Recommendations for Norway: Continue efforts to vigorously prosecute and convict both sex and labor trafficking offenders; investigate why few labor trafficking investigations result in prosecutions; ensure that child victims of trafficking receive specialized care; ensure that male trafficking victims receive adequate shelter and that all governmental anti-trafficking efforts are structured to address male as well as female victims of trafficking; ensure that front-line responders understand and offer a reflection period to identified victims, during which victims can receive services and recover from their trauma; consider options for the provision of longer-term victim assistance in non-emergency shelters; and fund a national or targeted anti-trafficking awareness campaign.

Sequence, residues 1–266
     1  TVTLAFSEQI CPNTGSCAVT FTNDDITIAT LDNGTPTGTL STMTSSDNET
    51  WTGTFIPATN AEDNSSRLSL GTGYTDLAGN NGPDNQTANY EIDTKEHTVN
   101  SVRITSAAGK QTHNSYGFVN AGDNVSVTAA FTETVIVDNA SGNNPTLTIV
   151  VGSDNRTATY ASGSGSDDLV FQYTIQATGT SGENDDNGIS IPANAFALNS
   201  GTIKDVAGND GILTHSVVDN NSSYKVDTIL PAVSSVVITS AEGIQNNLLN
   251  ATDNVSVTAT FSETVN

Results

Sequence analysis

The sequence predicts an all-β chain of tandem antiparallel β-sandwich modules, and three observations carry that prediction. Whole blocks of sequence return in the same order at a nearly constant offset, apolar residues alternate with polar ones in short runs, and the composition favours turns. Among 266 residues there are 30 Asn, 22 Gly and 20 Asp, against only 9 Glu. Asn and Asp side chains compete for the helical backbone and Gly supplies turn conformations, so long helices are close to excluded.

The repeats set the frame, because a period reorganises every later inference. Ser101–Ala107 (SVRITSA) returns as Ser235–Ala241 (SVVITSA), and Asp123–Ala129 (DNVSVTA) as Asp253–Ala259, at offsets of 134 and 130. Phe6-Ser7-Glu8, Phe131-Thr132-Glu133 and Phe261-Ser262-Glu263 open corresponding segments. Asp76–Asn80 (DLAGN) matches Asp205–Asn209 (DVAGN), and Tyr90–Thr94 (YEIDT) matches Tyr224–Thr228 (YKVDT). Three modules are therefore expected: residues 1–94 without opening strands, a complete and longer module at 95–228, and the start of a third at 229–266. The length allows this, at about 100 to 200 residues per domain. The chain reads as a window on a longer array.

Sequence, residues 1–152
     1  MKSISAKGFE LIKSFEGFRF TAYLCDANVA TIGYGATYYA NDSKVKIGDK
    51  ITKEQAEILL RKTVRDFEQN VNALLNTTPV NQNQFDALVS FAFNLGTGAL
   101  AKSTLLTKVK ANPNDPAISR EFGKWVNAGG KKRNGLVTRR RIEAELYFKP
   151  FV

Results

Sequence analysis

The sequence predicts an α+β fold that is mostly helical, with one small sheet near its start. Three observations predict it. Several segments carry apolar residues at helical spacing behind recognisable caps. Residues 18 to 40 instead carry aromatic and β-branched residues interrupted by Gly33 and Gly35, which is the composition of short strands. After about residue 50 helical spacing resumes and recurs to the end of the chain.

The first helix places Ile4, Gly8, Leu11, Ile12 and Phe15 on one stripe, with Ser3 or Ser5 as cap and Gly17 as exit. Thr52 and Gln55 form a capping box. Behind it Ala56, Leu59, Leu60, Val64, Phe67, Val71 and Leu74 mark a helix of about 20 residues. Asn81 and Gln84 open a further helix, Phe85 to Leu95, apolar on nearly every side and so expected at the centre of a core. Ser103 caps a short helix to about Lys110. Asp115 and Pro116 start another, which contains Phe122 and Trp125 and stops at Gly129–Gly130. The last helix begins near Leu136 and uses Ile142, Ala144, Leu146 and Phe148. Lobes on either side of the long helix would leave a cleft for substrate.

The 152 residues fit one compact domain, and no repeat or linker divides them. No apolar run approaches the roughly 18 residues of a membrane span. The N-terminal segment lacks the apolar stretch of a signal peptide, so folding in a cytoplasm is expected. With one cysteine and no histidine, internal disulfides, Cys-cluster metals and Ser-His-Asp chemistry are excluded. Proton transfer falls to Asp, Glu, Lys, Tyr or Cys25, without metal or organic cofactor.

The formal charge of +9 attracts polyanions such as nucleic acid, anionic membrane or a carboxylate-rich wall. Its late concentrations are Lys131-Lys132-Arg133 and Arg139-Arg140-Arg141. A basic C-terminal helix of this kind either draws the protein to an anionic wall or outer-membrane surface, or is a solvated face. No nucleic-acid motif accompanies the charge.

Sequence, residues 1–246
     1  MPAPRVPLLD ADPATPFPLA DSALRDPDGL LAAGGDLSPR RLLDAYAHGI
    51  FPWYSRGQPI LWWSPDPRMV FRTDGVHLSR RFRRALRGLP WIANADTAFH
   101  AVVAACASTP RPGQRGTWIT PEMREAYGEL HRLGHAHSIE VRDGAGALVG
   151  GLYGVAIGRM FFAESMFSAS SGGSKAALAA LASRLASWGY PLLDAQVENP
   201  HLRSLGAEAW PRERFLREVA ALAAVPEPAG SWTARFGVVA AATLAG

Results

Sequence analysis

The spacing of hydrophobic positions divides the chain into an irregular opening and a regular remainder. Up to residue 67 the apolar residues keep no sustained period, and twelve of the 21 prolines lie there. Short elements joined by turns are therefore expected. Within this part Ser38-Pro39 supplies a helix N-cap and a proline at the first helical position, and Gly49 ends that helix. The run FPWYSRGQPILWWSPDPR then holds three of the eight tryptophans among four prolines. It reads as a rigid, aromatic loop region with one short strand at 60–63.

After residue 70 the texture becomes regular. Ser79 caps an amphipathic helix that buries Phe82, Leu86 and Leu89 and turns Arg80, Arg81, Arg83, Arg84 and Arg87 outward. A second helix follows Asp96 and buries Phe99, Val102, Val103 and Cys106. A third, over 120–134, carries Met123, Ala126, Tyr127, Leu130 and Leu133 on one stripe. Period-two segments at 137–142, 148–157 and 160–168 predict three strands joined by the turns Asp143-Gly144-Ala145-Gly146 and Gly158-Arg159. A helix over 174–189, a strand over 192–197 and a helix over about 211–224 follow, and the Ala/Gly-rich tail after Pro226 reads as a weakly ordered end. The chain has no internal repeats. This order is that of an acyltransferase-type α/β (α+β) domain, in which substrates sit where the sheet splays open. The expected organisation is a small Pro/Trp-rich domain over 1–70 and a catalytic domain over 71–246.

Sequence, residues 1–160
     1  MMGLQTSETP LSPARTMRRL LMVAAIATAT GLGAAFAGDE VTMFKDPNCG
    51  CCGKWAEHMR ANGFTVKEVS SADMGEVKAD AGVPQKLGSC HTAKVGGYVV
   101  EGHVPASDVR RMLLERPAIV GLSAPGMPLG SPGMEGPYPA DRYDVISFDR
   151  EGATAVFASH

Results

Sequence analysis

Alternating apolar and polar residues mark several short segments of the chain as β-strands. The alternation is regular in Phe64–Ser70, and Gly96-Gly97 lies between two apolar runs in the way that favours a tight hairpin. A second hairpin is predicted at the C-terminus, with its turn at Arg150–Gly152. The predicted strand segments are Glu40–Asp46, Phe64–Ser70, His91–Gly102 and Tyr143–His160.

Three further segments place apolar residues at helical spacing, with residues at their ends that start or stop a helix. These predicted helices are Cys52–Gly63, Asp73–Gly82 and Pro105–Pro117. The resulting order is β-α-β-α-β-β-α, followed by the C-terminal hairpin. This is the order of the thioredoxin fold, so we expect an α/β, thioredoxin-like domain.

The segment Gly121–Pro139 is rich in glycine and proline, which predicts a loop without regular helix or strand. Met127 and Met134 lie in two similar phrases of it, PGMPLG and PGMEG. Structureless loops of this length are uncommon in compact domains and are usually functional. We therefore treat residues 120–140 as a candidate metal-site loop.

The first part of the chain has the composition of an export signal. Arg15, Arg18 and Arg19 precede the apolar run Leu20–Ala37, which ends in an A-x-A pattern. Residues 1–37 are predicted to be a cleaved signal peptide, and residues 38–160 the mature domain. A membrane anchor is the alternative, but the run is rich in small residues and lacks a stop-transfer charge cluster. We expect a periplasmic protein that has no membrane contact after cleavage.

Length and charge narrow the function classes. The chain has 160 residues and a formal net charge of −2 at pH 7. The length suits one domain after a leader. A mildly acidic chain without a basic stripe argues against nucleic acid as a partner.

The Norwegian government demonstrated some progress in its law enforcement efforts during the reporting period through increased investigations and prosecutions for labor trafficking, though sex trafficking prosecutions continued to decrease. Norway prohibits all forms of trafficking in persons through Criminal Code Section 224, which prescribes a maximum penalty of 10 years' imprisonment, which is sufficiently stringent and commensurate with punishments prescribed for other serious offenses, such as rape. Norwegian authorities initiated 26 sex trafficking investigations and 22 labor trafficking investigations in 2012, compared with 32 sex trafficking and 12 labor trafficking investigations initiated in 2011. The government prosecuted a total of at least eight trafficking suspects – two for sex trafficking and six for labor trafficking – under Section 224 in 2012, compared with six sex trafficking suspects and one labor trafficking suspect in 2011. Authorities convicted at least seven trafficking offenders – three for sex trafficking and four for labor trafficking – in 2012, compared with seven offenders convicted in 2011; all of the convicted traffickers received jail sentences. In January 2013, the Supreme Court upheld the sentences of two traffickers who had received sentences of four and a half and five years' imprisonment for forcing children into criminal activity.